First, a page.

Chris Hyzy: This is Chris Hyzy, Chief Investment Officer, for the market update for November 14th titled: The Market’s Dilemma. So, what is the dilemma? Rising prices mixed with falling earnings. This is the last shoe to drop in our opinion as it relates to the final bottoming process in the markets. We still have some time to go. We still have some so-called trends to analyze as it relates to the broader economic environment and capital market environment, but as of right now the market’s dilemma continues to be rising prices with falling earnings. This is the third big rally of the year. The last two rallies were followed by big drawdowns. This next rally that we are witnessing right now could come with a smaller drawdown in our opinion and here’s why. Last week’s strong rally was the strongest one since June of 2022 this year and with the market about 12% off its lows, there are still questions out there as to, “Why this latest strong rally?” and, “Is it sustainable?” From the standpoint of, “Why this latest rally?” it’s pretty simple. There are four predominant reasons. Number one, The Wedge. We’ve talked about the wedge before. The wedge being inflation. It is squarely in between headwinds and tailwinds and right now that wedge has been lifted somewhat. Inflation came in last week for October - the Consumer Price index, which still is backward looking, but did show a lot of promise - it came in below consensus for October. It had a much slower growth rate than what was expected. So, the viewpoint for last week took off that inflation has indeed peaked. We don’t want to call the actual peak just yet however we are encouraged by the decelerating trend. Number two, two-year yields did peak out at 4.7% and fell all the way down to about 4.2%. another 50 basis points or so just on one week and are now hovering around 4.3%. In terms of the dollar - the other area that we look for over the past few months - the dollar turned very much weaker as well, indicating a little bit of risk on overseas, but yet we are just more encouraged by the stability of the dollar and the fact that it hasn’t continued to strengthen at least for last week. Last but not least, strong seasonal and midterm election patterns are a tailwind for the market. Shifting over to the other side, there were also other tailwinds that we needed to see happen outside of inflation just peaking out and that happens to be the energy equation over in Europe which looks a little bit more promising than what many of the bear camps believed to be heading into the winter season and that has relaxed the overall concern at this point over in Europe. Then some rumblings coming out of the war in Ukraine that there may be some willingness or at least movement towards some level of negotiations in the coming weeks. We will see how that happens overall. Again, the weaker dollar, the two-year yields peeking out, the wedge of inflation lifting somewhat. We need to see it come fully out before we can call full bottom to this market but we do see stability continuing around the corner. As it relates to economic and risk taking headwinds, they still remain so we believe we are still in a long range type of reset workout prices where we can get strong rallies and in the future smaller pullbacks, but overall greater stability as we head towards next year. First quarter of next year we still feel few rate lift offs. Perhaps now a little bit less than what the Fed has originally indicated given where inflation’s going and the big surprise for next year, at least in our opinion right now, could be how far inflation does fall. For now, we expect some pretty strong dollar cost averaging opportunities between now and the end of the first quarter and we would look for those opportunities for those who are still significantly underweight equities. For now, bonds seem to be the area of choice relative to equities, but we believe a diversified portfolio over the course of the next year plus and over the course of the next two to five years we expect strong equity positioning overall. That’ll do it for today. Thanks for listening.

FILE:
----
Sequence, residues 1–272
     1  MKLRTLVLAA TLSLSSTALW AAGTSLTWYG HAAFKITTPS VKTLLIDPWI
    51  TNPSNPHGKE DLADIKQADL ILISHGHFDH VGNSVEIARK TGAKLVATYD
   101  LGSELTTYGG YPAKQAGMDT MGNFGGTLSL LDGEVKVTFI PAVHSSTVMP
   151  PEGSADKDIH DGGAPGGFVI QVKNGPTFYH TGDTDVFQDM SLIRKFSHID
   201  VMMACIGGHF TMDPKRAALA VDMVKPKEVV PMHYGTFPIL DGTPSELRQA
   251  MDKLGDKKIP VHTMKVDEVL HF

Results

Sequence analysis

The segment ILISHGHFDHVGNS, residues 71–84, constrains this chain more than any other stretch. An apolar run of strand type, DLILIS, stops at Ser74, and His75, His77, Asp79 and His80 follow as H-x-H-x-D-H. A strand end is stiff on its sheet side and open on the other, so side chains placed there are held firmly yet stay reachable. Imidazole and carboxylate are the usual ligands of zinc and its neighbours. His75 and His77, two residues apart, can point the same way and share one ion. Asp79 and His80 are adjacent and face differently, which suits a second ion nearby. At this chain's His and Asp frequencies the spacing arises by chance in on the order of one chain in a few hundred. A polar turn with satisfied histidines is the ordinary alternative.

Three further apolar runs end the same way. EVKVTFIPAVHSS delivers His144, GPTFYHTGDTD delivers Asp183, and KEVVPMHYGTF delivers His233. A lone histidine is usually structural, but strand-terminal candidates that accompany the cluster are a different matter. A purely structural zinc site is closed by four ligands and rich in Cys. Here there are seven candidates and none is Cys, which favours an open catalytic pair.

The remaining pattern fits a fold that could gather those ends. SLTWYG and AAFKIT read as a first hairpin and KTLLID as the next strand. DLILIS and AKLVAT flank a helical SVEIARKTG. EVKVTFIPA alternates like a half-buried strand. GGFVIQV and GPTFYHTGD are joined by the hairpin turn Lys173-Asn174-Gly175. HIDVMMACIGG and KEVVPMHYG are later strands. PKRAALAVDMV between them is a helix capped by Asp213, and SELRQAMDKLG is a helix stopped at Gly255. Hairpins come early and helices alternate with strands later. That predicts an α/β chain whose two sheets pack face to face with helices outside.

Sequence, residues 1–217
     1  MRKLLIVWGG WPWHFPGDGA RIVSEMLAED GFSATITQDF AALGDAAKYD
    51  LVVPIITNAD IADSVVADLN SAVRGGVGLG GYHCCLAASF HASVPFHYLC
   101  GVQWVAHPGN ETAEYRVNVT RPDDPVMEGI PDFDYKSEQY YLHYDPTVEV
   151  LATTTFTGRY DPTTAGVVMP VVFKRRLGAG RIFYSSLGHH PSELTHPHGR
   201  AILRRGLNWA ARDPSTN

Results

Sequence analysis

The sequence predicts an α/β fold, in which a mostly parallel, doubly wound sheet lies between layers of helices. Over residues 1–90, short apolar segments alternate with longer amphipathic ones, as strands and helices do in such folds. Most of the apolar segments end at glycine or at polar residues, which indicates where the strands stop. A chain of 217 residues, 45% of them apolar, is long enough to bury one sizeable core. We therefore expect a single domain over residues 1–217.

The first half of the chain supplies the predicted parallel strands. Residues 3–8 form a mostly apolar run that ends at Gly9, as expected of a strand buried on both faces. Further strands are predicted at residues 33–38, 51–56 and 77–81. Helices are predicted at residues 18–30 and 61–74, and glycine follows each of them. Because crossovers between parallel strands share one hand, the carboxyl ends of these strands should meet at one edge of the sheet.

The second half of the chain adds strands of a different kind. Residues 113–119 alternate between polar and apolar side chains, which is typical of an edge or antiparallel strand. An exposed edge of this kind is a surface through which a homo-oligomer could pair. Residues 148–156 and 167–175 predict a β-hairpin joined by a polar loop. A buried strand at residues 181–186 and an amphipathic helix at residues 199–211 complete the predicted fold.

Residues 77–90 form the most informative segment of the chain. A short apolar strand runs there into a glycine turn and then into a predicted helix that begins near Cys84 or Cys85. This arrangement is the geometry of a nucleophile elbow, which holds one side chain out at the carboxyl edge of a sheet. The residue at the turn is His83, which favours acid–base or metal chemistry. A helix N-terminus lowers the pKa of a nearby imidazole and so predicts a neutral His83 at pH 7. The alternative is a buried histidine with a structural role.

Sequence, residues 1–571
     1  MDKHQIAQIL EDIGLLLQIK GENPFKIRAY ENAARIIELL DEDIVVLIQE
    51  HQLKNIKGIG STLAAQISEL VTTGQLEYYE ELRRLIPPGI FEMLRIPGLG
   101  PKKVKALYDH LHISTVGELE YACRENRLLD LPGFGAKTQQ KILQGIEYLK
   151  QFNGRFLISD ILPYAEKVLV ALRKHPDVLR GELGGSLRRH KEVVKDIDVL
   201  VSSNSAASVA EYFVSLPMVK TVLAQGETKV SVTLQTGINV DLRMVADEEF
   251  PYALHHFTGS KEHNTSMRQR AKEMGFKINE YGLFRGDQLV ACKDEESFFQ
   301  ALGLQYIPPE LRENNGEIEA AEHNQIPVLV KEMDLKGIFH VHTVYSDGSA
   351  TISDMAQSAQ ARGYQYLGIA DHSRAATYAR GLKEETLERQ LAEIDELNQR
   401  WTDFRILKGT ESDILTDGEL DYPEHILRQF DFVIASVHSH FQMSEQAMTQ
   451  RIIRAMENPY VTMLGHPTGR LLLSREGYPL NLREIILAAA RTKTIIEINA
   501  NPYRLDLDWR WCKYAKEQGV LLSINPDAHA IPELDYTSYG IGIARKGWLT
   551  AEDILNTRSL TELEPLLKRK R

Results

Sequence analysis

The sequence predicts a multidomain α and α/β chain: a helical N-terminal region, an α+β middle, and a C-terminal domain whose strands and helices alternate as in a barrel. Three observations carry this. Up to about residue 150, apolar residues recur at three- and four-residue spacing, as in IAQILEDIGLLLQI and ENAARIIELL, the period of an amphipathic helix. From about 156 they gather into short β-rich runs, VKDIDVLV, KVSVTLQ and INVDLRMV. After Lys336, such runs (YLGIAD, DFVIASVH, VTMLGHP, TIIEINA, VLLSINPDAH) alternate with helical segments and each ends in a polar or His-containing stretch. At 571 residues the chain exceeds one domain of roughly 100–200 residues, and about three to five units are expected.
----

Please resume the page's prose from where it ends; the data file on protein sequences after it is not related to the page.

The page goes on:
Operator: Please the important disclosures provided on this page.